Bacteria May Allow Animals to Send Quick, Voluminous Messages
By Layne Cameron & Kevin Theis, http://msutoday.msu.edu
In the current issue of the Proceedings of the National Academy of Sciences, a Michigan State University researcher shows that the detailed scent posts of hyenas are, in part, products of symbiotic bacteria, microbes that have a mutually beneficial relationship with their hosts.
“When hyenas leave paste deposits on grass, the sour-smelling signals relay reams of information for other animals to read,” said Kevin Theis, the paper’s lead author and MSU postdoctoral researcher. “Hyenas can leave a quick, detailed message and go. It’s like a bulletin board of who’s around and how they’re doing.”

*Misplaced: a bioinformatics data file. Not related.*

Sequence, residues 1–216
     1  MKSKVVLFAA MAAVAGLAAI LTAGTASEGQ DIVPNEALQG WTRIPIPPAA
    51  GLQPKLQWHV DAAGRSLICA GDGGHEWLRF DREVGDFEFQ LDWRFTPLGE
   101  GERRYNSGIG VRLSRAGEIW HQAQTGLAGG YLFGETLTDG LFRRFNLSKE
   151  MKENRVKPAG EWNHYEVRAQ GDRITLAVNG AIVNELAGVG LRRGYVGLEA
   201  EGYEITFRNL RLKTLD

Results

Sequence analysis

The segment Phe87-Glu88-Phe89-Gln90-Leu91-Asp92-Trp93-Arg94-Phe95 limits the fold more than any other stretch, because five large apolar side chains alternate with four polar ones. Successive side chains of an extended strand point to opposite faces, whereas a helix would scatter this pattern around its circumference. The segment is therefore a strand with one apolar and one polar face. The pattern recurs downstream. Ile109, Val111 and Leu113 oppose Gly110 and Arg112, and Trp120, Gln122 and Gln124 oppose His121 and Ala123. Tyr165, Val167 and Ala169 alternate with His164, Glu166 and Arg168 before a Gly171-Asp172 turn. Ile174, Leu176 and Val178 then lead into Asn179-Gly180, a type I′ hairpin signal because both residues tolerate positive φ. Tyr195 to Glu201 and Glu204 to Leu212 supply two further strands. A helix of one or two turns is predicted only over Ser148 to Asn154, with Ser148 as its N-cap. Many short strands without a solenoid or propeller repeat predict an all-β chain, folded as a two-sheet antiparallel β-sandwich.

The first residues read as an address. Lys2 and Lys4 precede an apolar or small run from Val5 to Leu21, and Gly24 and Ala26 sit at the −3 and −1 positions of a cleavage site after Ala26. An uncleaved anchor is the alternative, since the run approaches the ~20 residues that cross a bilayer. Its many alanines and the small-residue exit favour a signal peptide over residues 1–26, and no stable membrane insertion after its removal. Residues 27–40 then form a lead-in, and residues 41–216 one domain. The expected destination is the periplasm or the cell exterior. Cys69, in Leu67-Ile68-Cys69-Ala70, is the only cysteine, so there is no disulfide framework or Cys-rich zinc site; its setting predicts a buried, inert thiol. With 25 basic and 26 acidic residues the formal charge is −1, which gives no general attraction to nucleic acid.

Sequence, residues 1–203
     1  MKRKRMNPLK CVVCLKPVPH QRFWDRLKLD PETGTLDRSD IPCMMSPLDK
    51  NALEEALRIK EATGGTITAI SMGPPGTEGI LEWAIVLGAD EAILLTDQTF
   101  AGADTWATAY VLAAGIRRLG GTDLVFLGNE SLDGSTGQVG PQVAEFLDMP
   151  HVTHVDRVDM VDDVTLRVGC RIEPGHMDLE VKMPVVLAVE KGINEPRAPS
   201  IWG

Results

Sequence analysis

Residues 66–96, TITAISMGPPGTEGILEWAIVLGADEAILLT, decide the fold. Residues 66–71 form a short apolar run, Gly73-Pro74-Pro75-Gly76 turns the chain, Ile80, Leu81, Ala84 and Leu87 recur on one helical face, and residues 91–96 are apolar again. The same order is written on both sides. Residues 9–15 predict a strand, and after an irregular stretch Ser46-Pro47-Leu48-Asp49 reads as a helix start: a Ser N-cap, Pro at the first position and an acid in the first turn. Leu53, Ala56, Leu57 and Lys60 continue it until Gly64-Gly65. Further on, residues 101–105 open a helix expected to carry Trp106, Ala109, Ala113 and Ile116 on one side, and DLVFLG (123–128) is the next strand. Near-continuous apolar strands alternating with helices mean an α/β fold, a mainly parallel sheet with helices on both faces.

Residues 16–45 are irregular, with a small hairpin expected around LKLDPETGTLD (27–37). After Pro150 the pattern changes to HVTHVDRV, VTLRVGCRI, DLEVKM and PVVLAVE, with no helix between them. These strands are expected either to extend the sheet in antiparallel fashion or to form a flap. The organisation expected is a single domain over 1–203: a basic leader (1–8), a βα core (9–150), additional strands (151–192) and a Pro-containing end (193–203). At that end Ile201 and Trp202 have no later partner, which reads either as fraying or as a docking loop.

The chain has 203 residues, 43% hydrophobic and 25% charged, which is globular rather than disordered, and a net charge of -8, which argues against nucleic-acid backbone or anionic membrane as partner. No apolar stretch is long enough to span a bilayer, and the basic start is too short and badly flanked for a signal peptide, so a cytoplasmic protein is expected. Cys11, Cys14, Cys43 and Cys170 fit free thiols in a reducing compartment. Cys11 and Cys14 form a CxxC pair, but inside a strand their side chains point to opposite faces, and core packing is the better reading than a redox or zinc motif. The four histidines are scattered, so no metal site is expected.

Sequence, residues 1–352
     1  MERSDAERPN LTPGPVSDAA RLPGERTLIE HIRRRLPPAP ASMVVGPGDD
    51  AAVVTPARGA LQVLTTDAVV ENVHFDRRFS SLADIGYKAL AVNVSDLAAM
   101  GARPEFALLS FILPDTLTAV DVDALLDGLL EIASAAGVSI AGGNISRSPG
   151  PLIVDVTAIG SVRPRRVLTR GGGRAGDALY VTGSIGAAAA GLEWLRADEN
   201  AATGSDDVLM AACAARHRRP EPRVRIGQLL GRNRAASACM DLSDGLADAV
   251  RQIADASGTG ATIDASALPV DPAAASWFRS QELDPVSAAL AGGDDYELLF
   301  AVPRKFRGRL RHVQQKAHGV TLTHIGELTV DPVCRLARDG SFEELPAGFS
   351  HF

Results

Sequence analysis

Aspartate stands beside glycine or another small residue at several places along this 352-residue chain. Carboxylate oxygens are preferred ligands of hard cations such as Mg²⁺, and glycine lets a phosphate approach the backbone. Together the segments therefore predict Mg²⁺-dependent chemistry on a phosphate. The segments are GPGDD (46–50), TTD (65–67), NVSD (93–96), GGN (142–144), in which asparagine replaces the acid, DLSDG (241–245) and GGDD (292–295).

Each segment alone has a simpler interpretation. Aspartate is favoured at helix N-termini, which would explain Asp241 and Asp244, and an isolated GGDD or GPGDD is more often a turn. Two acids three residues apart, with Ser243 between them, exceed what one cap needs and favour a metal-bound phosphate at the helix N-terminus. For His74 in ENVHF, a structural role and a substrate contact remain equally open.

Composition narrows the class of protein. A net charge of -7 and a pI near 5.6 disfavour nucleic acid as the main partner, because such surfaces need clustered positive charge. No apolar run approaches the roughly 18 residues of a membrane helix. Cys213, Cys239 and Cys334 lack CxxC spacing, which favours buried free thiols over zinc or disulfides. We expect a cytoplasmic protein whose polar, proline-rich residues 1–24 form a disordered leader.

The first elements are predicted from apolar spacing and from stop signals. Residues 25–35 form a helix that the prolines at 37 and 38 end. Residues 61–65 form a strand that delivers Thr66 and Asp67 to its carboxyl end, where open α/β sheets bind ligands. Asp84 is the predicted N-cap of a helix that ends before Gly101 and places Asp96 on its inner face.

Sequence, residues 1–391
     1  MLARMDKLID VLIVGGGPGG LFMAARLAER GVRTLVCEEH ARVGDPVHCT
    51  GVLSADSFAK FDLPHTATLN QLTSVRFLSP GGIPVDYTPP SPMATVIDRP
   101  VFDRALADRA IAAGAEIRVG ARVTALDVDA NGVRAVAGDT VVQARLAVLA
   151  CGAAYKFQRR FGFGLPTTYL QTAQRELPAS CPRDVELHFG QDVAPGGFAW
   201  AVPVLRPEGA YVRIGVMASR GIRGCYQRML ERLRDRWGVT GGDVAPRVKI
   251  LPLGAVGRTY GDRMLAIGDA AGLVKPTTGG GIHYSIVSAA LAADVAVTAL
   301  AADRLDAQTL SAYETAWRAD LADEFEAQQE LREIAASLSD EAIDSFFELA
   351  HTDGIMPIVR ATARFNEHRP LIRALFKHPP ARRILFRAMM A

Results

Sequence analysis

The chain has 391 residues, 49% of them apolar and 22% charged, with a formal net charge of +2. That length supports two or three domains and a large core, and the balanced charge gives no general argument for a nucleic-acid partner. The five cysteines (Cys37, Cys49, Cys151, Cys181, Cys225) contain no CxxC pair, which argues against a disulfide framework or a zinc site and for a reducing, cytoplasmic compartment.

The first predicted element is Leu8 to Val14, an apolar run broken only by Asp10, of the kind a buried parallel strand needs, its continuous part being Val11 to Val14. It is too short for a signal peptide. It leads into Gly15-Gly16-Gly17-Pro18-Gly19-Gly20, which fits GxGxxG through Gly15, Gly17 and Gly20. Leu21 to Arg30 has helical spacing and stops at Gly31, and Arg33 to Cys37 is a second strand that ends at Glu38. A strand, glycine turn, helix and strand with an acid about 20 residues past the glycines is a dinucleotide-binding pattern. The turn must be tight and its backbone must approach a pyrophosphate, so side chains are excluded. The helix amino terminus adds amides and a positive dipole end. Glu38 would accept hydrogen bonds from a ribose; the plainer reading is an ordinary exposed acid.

Interestingly, it’s the bacteria in pastes – more diverse than scientists had imagined – that appear to be doing the yeoman’s job of sending these messages.
“Scent posts are bulletin boards, pastes are business cards, and bacteria are the ink, shaped into letters and words that provide information about the paster to the boards’ visitors,” Theis said. “Without the ink, there is potentially just a board of blank uninformative cards.” Read More
- Bacteria Power Social Lives of Hyenas (newswatch.nationalgeographic.com)